To place even broader constraints on what you see, you can go to http://freshmeat.net/my/preferences/ and remove the checkmarks from the topics that don't interest you under "Include which sections in main section". If you remove the mark next to "Themes", for example, you won't see any themes when you go to http://freshmeat.net/. (You may not need to do this; by default, you won't have any sections checked, which results in only the default section (Software) being shown.)
If, on the contrary, you just can't get enough meat, click the "newsletter" link in the top menu bar to subscribe to our newsletter, which will send each day's complete news to you by email. If you're a Usenet junkie, you can get your fix at news.freshmeat.net.
There are two ways to find projects on freshmeat. If you're the kind of person who takes a shopping list to the store, you can use the search box at the top to search for the exact project, article, or comment you want. If you prefer to stroll up and down the aisles to see what's available, you can click the "browse" link at the top of the page, and make your way through the many categories that are available (for articles, click the "articles" link in the top menu bar to browse the article categories). Either way will get you to a list of projects.
If you still don't see what you want, there are a couple of tools in place to help you refine your results. Try changing the setting of the "Sort order" dropdown box; a different choice might bring your desired project closer to the top of the list. If you're getting too many results, take a look at the list of categories associated with each project. Next to each, you'll see a link marked "[filter]". Clicking this will limit the list to projects in that category. You can keep setting filters until the list reaches a reasonable size.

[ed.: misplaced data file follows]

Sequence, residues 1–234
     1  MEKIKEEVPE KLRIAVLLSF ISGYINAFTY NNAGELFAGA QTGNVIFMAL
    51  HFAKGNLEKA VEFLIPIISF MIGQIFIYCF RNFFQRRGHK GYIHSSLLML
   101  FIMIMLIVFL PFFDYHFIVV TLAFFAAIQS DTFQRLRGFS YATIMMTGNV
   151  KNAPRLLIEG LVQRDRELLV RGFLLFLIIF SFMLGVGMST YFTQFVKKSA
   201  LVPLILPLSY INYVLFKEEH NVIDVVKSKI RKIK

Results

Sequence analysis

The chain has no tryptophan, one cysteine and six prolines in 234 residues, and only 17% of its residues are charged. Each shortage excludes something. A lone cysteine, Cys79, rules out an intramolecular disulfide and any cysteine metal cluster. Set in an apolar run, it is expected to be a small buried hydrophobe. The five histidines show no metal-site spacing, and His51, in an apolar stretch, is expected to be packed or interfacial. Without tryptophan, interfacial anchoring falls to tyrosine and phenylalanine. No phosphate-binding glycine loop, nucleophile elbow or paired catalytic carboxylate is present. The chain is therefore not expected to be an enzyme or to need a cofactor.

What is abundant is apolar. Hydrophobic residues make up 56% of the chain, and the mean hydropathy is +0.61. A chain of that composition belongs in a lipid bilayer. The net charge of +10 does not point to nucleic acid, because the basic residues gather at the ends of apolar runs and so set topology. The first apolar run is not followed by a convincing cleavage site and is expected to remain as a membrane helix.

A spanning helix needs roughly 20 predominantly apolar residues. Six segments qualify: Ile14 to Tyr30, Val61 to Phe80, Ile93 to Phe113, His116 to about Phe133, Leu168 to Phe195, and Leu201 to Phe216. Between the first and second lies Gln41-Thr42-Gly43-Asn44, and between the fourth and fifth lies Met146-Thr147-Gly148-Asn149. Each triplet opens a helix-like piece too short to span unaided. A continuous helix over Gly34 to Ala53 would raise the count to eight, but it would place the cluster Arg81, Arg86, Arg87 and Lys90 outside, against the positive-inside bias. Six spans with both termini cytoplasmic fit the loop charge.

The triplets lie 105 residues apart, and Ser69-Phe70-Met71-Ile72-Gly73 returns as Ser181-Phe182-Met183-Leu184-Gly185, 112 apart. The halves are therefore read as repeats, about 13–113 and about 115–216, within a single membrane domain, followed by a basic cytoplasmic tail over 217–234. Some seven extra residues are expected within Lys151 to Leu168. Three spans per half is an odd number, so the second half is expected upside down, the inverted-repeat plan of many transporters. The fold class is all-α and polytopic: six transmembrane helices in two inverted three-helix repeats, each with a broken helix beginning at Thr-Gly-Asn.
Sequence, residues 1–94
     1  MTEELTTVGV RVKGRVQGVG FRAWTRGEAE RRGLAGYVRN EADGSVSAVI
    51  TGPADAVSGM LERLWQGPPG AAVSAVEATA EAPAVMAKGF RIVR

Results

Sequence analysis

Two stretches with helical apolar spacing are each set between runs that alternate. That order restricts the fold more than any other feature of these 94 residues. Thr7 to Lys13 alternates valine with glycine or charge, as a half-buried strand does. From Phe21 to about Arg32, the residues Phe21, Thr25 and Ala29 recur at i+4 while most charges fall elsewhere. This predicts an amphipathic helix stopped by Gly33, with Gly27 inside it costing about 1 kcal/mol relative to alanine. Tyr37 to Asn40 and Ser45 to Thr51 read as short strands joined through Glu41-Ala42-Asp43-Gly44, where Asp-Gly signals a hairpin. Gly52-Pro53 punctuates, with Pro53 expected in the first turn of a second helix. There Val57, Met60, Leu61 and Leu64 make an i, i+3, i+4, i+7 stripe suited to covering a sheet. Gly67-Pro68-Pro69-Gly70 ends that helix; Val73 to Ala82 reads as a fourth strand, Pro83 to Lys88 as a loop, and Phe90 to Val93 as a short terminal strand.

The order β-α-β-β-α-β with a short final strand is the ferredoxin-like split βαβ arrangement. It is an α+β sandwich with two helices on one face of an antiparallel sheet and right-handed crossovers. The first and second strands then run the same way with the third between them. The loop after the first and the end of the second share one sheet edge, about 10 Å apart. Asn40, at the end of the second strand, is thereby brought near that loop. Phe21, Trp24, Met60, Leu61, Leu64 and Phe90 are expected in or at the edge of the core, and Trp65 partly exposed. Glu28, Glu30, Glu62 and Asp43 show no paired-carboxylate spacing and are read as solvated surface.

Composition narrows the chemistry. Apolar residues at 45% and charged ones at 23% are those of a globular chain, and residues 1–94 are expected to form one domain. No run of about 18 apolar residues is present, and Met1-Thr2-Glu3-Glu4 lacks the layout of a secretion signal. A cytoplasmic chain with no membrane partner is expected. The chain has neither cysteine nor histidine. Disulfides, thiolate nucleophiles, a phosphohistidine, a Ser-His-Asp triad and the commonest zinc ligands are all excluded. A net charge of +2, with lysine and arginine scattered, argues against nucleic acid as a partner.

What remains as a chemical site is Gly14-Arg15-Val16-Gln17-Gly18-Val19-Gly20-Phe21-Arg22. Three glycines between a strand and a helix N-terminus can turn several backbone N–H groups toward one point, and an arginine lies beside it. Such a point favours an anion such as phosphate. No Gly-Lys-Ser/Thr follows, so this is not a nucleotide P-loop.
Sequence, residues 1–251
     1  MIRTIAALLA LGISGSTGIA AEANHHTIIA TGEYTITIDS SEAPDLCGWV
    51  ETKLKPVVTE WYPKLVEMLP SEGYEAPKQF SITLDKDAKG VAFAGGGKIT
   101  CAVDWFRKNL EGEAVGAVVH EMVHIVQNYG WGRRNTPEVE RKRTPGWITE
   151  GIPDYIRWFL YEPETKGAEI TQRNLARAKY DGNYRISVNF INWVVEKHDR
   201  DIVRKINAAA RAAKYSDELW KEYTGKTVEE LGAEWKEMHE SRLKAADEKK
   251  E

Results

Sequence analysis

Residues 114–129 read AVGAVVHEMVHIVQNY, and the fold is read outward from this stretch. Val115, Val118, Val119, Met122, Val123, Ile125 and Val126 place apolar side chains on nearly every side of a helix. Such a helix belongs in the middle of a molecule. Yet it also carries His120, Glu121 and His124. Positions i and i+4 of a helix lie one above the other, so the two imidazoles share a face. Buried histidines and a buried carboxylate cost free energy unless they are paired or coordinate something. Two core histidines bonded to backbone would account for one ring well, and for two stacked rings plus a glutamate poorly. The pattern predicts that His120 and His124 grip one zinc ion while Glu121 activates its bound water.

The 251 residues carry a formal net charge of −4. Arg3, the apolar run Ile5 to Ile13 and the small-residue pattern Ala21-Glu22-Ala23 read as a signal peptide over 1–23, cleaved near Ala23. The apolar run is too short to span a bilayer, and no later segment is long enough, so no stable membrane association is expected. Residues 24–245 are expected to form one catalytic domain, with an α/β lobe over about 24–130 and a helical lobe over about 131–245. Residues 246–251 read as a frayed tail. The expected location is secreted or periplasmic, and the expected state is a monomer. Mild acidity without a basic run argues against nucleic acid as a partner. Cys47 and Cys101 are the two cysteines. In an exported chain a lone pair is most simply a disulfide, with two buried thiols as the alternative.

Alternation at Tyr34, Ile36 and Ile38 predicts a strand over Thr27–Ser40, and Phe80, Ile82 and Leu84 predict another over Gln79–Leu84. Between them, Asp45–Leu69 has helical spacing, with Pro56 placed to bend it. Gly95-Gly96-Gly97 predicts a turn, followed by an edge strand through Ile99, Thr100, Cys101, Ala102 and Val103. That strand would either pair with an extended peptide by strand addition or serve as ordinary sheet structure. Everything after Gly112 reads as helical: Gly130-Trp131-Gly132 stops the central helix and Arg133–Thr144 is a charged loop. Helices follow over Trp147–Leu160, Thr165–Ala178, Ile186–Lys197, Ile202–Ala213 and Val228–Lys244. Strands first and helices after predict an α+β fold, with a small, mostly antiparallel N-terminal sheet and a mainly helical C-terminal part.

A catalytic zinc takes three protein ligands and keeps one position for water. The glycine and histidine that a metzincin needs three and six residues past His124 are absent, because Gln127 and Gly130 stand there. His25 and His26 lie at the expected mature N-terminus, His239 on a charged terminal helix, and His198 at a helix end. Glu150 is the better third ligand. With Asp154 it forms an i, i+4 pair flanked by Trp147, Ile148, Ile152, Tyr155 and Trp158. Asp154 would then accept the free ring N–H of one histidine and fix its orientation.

Once you find a project you want to investigate, you can click its name to find all we know about it. On the project's page, you'll find a box that contains a number of functions you can perform. You can add a comment or question about the project to the page, rate it so other readers know your (anonymous) opinion of it, subscribe to receive notification of new releases in any or all of its branches, add it to your list of projects to ignore, or email information about it to a friend.
freshmeat provides several ways to get in touch with your friends, other readers, project authors, and the freshmeat staff.
In the upper right corner of each page, you'll see a "$n users online" link which will take you to the active sessions page, where you can see who is logged in to freshmeat and what they're doing (if they haven't turned on privacy mode in their preferences). If you spot someone you know, you can click her name to go to her public freshmeat page, at the bottom of which you'll find links to send her email, to send her an instant fm message, and to add her to your friend's list. (The list can be edited by clicking the "friends" link in the "My" menu bar.) When someone you've named as a friend comes online, you can click the "($n friends)" link next to "$n users online" to see who it is. If someone sends you an instant message, you'll be notified on the next line, in one of the rare legitimate uses of the <blink> tag. You can review the instant messages you've received by clicking the "inbox" link in the "My" menu bar.
You can share your ideas and questions with other freshmeat readers by attaching your comments to articles and editorials, and by replying to what others have said.
Please note that this is a means to reach other readers. Don't look on it as a reliable way to reach project authors or the freshmeat staff; see the section below on how to do that. In particular, please don't post comments saying things like: